The FCC recently finalized a set of rules to protect the privacy of subscribers to various broadband ISPs such as Comcast and Time Warner, and even mobile ISPs like Verizon, AT&T, and T-Mobile. The concern here is that ISPs collect data on their customers’ browsing habits and because all customer traffic goes through their servers, they have even more access to user data than than almost any other internet company. Beyond web history, which can be used to ascertain things like medical conditions or financial situations, ISPs can also figure out a subscriber’s geolocation. The FCC wants subscribers consent by opting in before ISPs can access, use, and sell that data.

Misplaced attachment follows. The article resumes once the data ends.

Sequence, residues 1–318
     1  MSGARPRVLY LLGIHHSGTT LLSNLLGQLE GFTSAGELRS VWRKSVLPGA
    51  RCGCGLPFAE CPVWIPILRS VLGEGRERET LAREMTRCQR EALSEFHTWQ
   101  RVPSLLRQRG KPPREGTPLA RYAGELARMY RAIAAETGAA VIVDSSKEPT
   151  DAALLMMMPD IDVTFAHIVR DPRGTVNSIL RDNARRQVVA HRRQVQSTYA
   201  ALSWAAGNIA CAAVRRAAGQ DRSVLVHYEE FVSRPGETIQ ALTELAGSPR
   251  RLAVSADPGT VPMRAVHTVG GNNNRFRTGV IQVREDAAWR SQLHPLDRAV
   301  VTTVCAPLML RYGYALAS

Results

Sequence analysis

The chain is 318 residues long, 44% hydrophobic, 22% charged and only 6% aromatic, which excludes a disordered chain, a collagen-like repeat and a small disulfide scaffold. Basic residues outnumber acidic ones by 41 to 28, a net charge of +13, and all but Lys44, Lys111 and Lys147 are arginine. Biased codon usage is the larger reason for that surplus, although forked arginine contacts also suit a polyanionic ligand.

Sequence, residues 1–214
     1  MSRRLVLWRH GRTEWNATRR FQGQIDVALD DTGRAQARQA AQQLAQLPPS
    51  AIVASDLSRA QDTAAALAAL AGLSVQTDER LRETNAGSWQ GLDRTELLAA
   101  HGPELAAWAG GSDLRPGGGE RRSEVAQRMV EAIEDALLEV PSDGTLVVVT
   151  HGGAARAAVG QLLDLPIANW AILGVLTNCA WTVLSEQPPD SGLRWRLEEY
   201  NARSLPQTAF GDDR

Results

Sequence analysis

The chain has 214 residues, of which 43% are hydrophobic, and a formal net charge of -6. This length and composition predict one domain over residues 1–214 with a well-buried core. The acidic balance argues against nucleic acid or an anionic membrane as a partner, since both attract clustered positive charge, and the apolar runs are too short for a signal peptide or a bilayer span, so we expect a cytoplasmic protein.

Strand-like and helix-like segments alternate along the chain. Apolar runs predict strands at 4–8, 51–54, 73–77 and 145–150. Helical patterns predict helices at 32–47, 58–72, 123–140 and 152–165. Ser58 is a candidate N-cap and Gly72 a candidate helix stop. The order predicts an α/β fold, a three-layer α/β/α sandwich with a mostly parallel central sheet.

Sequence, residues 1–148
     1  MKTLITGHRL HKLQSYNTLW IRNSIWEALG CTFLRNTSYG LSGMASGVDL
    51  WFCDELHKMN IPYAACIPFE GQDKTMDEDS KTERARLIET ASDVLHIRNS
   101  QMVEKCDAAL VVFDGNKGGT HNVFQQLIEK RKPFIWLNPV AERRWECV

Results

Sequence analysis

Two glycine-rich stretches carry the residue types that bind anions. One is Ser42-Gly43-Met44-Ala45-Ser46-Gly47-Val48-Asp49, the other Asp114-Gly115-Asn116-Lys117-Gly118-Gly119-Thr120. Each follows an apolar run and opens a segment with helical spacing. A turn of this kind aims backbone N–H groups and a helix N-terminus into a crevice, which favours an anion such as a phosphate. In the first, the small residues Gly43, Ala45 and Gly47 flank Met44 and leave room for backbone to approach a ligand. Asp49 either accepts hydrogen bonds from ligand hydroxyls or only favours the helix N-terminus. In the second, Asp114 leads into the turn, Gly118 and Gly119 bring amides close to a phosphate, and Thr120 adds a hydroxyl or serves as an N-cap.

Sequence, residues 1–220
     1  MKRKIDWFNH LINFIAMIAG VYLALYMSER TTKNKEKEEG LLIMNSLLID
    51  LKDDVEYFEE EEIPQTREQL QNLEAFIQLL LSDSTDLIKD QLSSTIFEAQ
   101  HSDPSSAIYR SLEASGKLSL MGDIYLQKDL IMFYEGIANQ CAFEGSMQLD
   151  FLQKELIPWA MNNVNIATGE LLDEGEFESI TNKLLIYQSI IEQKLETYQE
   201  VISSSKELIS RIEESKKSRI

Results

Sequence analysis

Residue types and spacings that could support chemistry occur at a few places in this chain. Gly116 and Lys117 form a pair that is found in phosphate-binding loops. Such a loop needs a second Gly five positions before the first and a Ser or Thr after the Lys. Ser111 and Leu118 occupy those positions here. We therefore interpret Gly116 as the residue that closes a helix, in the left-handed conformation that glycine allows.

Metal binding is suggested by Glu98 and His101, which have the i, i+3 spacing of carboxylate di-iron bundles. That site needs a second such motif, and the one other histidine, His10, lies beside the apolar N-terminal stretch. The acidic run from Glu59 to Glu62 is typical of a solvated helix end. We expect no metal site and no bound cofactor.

This is very interesting and I think it sets a precedent for our privacy laws to reach a point similar to the EU’s opt-in internet privacy laws. The FCC can only create rules for these ISPs. Companies like Google and Facebook can only be regulated by the FTC, not the FCC. Before these rules were finalized, T-Mobile complained about a “level playing field” because these rules put ISPs at a greater disadvantage than other internet companies. This situation might motivate the major ISPs to put pressure on the FTC to pass a similar opt-in rule for other internet companies.